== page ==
That final act is triggered by the disappearance of Mei-ling. Jing-nan follows a series of clues and cleverly tracks her down, but the reader is left with a secondary investigation to piece through: just who his cousin really is. It sounds tacky, like there’s some big mystery, when I type it this way. The book’s jacket also suggests genre tackiness: “But Mei-ling is also hiding a secret–one that puts her in harm’s way.” That secret is interesting and earned, but it’s not nearly so dramatic as all that makes it sound. It’s fitting and ties into the novel’s themes. But to say more would be to spoil it.

I also liked that Jing-nan is an unreliable narrator. He’s twenty-five, and he has the mentality of a twenty-five-year-old: he thinks that he’s figured everything out, that he’s not so foolish as he was as a kid, that he has better judgment, that he’s wiser and more reserved. Yet he’s rather pretentious and still has some growing to do. He views himself as something of a hero for a freak occurrence, yet his alleged bravery is repeatedly undermined by what happens. He has loud opinions about music, and is an obsessive Joy Division fan, but doesn’t seem aware of how he’s constructed an identity around this fandom. And that fandom causes a huge blind spot–he can’t understand or relate to his cousin’s interest in singing pop music, and he openly derides her taste for much of the novel. (Fascinatingly, he has such a limited view of the creative process that he believes that musicians start out good, as though everyone doesn’t start at zero regardless of talent.) Jing-nan also reaches a number of revelations and does a bit of self-reflection throughout the novel, but he almost always attributes it to himself when the lessons he learns are often more-or-less dictated to him by his friends and family.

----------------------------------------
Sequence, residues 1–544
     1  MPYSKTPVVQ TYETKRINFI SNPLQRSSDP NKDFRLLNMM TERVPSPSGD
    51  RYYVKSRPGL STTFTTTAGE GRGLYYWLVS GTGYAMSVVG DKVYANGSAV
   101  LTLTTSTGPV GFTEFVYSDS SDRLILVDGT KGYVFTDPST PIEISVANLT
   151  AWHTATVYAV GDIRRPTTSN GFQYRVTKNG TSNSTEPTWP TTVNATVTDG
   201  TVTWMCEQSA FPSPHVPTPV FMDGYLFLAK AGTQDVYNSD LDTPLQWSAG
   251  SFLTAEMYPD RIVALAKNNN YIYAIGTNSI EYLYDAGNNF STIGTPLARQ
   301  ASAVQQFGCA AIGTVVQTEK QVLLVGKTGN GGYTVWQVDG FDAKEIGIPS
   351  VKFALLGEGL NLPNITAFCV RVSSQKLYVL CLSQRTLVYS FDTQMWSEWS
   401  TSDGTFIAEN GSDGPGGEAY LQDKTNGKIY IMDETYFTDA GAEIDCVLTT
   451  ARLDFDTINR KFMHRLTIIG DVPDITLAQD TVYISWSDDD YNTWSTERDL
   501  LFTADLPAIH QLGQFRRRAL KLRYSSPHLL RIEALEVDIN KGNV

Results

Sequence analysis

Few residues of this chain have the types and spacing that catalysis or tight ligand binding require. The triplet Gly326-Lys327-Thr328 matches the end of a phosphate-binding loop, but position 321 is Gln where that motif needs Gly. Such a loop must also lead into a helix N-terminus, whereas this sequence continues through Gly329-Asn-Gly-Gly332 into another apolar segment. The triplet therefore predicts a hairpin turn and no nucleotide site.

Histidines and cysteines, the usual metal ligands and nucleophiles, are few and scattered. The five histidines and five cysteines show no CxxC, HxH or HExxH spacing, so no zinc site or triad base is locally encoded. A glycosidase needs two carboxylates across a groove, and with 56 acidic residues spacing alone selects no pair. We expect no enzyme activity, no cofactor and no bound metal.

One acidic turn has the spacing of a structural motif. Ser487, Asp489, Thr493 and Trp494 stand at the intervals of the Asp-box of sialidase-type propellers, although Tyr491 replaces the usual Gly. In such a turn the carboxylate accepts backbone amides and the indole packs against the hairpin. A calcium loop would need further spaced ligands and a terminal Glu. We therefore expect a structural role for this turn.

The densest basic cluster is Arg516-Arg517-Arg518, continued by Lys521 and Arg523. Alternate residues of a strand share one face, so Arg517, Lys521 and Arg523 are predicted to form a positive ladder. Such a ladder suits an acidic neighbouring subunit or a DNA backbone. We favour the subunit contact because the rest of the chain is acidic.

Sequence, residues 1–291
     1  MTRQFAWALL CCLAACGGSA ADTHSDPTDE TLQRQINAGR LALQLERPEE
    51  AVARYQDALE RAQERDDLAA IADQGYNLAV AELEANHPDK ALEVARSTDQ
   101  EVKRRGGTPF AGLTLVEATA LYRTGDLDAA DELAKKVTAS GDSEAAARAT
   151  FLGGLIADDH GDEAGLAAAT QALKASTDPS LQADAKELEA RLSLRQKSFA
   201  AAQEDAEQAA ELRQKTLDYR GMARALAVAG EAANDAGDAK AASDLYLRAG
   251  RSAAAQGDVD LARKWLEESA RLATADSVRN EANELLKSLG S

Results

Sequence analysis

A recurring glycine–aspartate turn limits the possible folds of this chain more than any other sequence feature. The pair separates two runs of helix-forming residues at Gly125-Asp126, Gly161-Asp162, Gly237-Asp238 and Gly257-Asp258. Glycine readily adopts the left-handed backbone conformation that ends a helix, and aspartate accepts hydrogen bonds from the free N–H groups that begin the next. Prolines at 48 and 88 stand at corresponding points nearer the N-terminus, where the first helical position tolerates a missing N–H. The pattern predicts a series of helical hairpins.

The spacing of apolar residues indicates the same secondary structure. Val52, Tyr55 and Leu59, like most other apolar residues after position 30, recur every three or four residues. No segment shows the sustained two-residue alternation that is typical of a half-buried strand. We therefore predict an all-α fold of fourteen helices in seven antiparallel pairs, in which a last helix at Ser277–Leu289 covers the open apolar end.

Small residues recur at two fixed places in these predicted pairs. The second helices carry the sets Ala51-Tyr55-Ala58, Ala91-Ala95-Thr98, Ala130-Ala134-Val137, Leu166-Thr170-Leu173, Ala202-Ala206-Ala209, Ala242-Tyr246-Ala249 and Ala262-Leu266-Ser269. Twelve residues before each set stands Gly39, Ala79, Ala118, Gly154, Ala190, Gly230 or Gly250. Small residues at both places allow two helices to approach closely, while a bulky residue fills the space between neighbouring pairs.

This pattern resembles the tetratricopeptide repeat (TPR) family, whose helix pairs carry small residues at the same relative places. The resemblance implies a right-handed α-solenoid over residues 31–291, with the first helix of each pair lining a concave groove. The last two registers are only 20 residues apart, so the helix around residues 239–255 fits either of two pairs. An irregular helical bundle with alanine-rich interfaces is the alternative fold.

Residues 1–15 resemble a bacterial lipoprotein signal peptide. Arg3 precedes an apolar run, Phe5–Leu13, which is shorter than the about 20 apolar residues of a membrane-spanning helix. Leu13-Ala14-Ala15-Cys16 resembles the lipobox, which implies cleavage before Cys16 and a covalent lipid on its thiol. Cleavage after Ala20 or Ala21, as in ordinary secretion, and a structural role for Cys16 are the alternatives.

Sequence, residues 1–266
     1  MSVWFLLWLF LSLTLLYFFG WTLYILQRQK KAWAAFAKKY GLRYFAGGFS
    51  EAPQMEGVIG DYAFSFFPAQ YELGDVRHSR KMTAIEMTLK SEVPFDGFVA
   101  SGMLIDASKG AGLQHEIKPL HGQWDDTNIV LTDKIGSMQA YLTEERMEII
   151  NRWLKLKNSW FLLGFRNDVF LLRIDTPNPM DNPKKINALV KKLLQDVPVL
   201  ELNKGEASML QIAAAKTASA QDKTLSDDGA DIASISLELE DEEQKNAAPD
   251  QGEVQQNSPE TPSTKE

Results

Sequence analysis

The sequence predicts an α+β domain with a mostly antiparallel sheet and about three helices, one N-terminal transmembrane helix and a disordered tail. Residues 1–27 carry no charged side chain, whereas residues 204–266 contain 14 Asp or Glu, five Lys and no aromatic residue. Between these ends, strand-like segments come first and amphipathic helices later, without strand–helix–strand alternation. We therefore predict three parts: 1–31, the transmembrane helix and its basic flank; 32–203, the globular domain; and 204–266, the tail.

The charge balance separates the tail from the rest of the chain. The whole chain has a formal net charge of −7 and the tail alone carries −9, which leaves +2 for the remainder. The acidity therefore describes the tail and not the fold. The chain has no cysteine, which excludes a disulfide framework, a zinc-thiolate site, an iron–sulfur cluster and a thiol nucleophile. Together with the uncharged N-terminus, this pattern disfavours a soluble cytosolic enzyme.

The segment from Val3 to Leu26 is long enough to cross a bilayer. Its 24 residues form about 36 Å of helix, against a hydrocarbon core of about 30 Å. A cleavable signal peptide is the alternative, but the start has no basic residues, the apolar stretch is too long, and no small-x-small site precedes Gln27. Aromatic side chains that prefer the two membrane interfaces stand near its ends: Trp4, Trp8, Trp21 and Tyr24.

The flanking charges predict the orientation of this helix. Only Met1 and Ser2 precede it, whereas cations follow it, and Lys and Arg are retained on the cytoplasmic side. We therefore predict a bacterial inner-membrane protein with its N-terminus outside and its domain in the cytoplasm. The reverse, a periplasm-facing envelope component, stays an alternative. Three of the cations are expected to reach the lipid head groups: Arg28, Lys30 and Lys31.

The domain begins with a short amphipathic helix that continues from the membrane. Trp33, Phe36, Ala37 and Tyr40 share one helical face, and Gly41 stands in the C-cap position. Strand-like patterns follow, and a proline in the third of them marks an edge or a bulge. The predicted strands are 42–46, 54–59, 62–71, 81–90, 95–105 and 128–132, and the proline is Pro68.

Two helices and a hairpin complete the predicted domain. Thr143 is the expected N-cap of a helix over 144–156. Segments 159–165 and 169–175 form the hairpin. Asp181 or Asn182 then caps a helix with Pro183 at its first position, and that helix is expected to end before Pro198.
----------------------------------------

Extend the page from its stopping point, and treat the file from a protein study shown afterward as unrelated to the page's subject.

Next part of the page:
The writing itself is fast-paced and dynamic. Sentences are typically short and often blunt. Chapters breeze by. It’s a good read for a Sunday afternoon.

There are some references to Jing-nan’s past that are bewilderingly dramatic and under-developed–but only if you don’t know going in that this is a sequel! Frankly, as long as you know it’s a sequel, I don’t think that reading the first book is necessary to fully appreciate this one. It’s a good, fun read, and it’s deeper than I expected.